In the light of all of this I have to say I do NOT feel in the LEAST PART “light and frothy”. Outraged, incensed and disgusted is more like it. So I have a dilemma. Because, in order to protect and manage my reputational assets, I would probably be well advised to avoid sticking my head above the parapet to comment, critique or condemn what I see going on. So should my colleagues in the library service. So should my colleagues in the Academic sector who are similarly on the end of market-driven purges and culture change as part of the same neoliberal assault. We should all keep quiet, keep our heads down, not make waves, and purvey only fluffiness, light and froth through our public and digital utterances.

But, you know what? I don’t really feel I can do that. There are some things which are more important than managing one’s reputation. I don’t buy into the idea of “professional neutrality”. We are part of a society which is being driven in a particular direction by the ruling powers. There are social and economic drivers at work through policies being enacted that are having real and negative impacts on library services as a part of public sector services as a whole. To use an analogy from elsewhere, you cannot stay still on a moving train. We might purport to be “neutral” but we cannot stand outside the socio-political context within which we work and in which our services operate. Or are axed. Or are turned into some other kind of entity that violates or disregards our professional values.

Ultimately, I believe, we are facing quesions about what sort of society we want to be. What are our values? Why is the work of librarians important for social justice, personal and community development? Why should citizens have access to the expertise of librarians and information professionals and to the information and resources that could be provided? Do we REALLY believe that generating money and profit has more value than people and the services that support and nurture them?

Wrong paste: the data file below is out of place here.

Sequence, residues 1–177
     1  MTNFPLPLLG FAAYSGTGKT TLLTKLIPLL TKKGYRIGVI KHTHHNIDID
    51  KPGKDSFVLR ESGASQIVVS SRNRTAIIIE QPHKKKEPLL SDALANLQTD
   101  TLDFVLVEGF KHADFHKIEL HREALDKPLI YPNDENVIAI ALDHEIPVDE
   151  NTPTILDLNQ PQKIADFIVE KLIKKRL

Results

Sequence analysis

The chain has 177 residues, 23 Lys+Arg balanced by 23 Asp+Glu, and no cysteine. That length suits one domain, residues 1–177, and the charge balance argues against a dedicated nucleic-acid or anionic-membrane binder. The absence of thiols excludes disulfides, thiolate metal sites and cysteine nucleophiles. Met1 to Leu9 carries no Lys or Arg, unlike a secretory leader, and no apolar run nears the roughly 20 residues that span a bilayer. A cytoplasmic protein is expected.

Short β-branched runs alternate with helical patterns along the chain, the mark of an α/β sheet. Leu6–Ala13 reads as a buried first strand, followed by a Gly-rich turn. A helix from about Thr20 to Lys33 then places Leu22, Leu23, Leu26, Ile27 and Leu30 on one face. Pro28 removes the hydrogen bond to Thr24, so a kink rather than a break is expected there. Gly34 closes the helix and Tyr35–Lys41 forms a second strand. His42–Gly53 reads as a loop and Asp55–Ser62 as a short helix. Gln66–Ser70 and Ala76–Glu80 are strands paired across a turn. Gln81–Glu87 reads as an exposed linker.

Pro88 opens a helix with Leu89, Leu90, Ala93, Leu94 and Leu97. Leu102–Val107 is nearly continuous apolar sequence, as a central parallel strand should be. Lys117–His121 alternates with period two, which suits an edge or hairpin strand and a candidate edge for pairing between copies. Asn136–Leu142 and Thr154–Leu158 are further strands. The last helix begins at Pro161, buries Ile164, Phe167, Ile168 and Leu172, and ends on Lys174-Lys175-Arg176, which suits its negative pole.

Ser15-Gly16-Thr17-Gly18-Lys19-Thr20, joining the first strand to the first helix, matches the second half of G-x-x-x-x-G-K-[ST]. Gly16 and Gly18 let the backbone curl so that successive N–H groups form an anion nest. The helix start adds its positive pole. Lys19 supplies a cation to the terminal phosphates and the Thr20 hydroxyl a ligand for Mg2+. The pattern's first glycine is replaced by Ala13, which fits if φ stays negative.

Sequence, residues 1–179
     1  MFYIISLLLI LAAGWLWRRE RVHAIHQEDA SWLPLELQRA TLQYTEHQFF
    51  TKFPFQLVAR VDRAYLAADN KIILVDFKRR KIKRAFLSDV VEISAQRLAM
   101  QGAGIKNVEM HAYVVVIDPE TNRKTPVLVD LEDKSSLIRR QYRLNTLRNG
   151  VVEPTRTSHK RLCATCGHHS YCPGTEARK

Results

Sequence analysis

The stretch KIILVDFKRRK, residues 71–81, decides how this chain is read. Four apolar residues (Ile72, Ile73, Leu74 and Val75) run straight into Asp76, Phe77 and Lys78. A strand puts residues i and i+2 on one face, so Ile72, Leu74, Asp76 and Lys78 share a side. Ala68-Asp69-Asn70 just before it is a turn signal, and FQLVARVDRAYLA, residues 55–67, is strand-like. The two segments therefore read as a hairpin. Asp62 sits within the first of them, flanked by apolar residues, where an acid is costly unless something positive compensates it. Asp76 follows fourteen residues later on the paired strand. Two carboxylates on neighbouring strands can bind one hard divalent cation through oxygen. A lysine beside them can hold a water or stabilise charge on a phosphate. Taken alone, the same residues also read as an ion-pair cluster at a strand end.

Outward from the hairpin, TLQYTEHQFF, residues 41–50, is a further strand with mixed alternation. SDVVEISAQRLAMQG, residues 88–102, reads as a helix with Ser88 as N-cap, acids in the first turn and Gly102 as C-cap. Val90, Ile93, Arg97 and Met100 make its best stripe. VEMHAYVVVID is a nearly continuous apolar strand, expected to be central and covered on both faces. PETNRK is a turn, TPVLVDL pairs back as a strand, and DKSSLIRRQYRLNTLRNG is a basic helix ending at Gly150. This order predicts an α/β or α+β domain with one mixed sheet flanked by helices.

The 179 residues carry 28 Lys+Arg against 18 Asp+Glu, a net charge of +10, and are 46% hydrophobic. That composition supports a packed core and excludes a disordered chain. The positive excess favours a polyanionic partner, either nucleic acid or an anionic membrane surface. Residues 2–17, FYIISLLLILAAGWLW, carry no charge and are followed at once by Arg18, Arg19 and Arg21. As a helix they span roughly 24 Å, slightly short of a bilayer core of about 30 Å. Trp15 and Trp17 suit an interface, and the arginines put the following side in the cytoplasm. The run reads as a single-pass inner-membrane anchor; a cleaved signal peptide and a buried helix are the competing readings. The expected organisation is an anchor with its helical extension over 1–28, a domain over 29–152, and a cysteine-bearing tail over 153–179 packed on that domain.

I think these are questions that matter, and which demand answers. I would like to see those who represent the library and information professison stand up to be counted. To take a stand that openly acknowledges the devastation which is being perpetrated. To actively oppose and resist it. I am thankful for and inspired by the number of dedicated colleagues and informal groupings that I see who ARE doing this already. More power to you! But this is not a time to be neutral. It is not a time for “light and frothy”.

One of Michael Fertik’s sayings, apparently, is “When you wrestle with a pig, you both get covered in mud.” Well, I’m calling out the pig for what it is, and I fully intend to wrestle that sucker. That probably means I and others will get muddy, but sometimes there are things that require a moral and ethical stand.

This is one of them.

More thoughts on UK LIS Higher Education

In response to my previous post The precarious position of LIS departments in UK Higher Education  Coppenheim, a former Head of the LIS Department at Loughborough, made a very affirmative response (thank you!) to my points, but he was not entirely in agreement with one of them. He said: